A happy holubki birthday tribute

In honor of my dad’s joint birthday with my grandma, Mollyand I made holubki. There are as many different ways to prepare these Russian cabbage rolls as there are proper ways to spell them, but we stuck to the Kostelnik family recipe, which means we winged it just a little.
My Grandma cooked stubbornly and without measurement, and when you entered her warm little house on 20 Row, you ate. Period.
We once drove 12 hours through the night to visit my grandparents. She was nearing 80 at the time so I told her not to cook for us.”Shhh,” I said to my husband as we tiptoed into the house at 2 a.m.
“Hiya,” my grandma said brightly from the stiffbacked chair on which she had been crocheting and keeping vigil. “Sitdown. Eat.”
And we sat down to a full course meal of holubki, breaded veal, potato salad and apple cake. “Grandma, I thought you said you weren’t going to cook,” I said around a big mouthful of food.
“I didn’t cook. I just heated up,” she said.
As sweet as a crisp Polish dill, my grandma lived by strong principles based on family loyalty. Molly has fond memories of the time my Grandma pulled me through a grocery store in Ebensburg, Pennsylvania by my left ear lobe.
We just loved our trips to Pennsylvania and we use our own kitchen for occasional trips back in time. What follows is our recipe for holubki, with love for Grandma Jay.

 Ingredients
1 head cabbage
1 1/2 pound ground chuck
salt and pepper to taste
1 cup rice (Not Minute Rice, Grandma was very specific about that)
2 cans Campbells Tomato Soup
 1) Call your Aunt Martha because she is the keeper of family history and she will help you through this. If you don’t have an Aunt Martha, we will try to walk you through this crazy Ukrainian dish anyway.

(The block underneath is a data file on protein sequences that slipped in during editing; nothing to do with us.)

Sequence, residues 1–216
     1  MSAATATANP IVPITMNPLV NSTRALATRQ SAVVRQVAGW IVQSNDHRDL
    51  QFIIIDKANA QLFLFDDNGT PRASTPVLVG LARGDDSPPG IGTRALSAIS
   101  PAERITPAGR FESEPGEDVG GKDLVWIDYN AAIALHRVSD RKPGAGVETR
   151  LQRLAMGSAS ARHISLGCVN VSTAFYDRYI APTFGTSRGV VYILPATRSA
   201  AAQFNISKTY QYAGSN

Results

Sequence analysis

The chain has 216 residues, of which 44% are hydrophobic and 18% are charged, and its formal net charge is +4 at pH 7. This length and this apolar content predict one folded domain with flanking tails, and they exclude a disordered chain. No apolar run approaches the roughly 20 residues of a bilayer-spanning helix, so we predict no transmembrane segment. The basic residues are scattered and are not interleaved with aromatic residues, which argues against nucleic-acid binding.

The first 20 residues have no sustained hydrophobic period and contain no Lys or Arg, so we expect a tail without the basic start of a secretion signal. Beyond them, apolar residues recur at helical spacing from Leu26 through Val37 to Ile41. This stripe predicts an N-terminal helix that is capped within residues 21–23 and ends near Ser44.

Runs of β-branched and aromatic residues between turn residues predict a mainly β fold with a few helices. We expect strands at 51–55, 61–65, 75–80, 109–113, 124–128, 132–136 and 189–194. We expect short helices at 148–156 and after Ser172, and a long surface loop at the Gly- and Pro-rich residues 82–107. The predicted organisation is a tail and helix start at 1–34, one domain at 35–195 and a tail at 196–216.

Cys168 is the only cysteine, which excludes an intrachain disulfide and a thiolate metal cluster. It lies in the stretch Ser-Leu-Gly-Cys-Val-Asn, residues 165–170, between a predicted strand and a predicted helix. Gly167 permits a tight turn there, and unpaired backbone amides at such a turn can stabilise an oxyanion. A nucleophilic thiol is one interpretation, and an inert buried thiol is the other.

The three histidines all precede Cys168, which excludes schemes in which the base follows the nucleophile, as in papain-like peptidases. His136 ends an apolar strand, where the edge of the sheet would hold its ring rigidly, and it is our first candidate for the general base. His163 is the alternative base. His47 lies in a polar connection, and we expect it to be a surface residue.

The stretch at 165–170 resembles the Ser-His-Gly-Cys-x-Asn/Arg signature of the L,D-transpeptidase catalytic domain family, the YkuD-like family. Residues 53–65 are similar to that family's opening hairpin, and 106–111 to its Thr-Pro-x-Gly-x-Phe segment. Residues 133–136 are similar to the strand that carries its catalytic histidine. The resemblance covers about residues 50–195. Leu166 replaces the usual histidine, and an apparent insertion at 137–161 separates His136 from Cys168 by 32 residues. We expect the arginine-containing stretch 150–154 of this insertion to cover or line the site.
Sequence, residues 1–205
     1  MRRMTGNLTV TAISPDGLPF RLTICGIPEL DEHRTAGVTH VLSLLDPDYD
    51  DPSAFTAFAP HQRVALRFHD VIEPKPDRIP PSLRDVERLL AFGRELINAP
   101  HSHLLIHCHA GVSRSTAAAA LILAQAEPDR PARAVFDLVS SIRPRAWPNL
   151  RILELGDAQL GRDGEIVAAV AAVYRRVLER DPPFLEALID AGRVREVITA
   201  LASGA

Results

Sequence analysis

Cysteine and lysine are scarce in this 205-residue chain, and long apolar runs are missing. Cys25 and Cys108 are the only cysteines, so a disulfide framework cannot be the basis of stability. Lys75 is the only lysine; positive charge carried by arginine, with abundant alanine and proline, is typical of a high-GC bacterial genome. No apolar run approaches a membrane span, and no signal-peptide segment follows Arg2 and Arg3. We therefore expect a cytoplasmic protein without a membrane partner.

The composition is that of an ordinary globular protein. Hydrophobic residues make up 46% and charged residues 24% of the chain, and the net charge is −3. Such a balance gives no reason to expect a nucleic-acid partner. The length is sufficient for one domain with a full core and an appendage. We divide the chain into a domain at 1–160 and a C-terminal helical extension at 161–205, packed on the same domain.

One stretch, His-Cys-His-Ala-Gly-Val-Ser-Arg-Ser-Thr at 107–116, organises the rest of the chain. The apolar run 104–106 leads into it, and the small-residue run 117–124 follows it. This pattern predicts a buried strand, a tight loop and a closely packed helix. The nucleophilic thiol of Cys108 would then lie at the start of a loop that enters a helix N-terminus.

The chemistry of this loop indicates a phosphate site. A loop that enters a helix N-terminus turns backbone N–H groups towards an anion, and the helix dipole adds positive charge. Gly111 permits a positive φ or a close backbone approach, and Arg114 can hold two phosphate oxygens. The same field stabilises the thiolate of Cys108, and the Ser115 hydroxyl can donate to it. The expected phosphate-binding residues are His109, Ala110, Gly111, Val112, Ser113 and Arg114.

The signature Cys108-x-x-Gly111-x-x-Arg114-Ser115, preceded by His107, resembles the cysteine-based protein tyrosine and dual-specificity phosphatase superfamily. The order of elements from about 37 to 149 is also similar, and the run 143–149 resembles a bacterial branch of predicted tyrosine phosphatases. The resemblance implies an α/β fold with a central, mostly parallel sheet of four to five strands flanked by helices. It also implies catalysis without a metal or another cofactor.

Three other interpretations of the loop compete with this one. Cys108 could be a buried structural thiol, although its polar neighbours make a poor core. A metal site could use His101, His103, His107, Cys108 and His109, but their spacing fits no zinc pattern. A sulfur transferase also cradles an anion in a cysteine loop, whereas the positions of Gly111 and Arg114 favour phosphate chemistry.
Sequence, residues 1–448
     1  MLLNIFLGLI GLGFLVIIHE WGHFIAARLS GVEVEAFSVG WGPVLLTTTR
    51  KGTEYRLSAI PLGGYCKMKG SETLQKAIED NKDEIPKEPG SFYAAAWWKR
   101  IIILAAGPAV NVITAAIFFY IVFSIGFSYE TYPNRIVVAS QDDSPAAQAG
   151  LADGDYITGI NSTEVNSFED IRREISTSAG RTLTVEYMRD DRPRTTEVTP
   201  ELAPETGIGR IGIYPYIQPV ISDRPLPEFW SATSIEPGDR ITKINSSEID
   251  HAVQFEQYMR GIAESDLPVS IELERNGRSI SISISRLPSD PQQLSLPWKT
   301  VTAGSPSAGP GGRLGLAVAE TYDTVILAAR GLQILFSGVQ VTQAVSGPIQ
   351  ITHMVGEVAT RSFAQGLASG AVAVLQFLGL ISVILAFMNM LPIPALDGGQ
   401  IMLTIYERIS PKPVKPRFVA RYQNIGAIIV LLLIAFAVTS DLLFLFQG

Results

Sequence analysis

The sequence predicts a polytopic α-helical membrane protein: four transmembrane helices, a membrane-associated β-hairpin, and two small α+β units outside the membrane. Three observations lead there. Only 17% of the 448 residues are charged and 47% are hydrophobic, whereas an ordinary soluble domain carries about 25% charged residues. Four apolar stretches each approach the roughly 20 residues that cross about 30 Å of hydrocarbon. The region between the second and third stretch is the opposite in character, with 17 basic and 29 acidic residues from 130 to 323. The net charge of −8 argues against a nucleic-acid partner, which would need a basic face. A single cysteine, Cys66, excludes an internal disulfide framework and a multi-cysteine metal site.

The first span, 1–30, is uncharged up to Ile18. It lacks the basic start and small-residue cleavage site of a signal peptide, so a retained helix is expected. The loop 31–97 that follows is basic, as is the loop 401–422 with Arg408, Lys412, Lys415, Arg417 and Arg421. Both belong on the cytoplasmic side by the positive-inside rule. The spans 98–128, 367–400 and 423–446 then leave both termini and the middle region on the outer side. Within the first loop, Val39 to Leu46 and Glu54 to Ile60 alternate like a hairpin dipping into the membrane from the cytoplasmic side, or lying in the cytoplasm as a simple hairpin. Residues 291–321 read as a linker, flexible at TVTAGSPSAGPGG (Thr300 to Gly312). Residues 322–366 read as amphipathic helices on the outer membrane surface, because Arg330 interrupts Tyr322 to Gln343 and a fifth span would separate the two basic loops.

2) Scald the cabbage. This means you have to boil it in hot water until the leaves pull off easily. Aunt Martha warned me that this would takea couple of scaldings and, sure enough, we had to douse that head three times.We boiled the cabbage for 15 minutes to start off.
 3) Meanwhile, prepare your rice. Conveniently, we cooked our rice for 15 minutes, which worked out perfectly for us as that was exactly how long we boiled the cabbage.
 4) Mix the rice with the raw hamburger and season it with salt and pepper.
5) Line your crock pot (here is the first time we went offscript. Grandma did not own a crock pot. We love ours though and our holubki cooked all night and was tender and delicious the next day). Anyway, line the bottom of your crock pot with cabbage leaves.
 6) Peel off cabbage leaves. Place about a tablespoon of the meat mixture in the center of the cabbage leaf and roll the leaf up. Per AuntMartha, which worked out splendidly, roll up the bottom first, fold in the sides and then roll the rest of the way.
7) Place cabbage roll in the crock pot.
 8) Continue creating the cabbage rolls until your crock pot is full. You can layer the rolls on top of each other.
9) Spoon tomato soup on top of the cabbage rolls and cover with extra cabbage leaves.
10) Cook on high until tomato soup boils, and then turn tolow.  We cooked ours all night.
This is my Grandma and me cooking in her Pennsylvania kitchen.
Core the cabbage before you scald it.
You can let it cool before you peel off the leaves. We had to
scald it again as we got closer to the center.
Meanwhile, add your cooked rice to your raw hamburger and season.
Place the meat mixture in the cabbage leaf and roll tightly.
Add tomato soup to the top of the cabbage rolls.
Cover with extra cabbage leaves add the crock pot top.

Yum!

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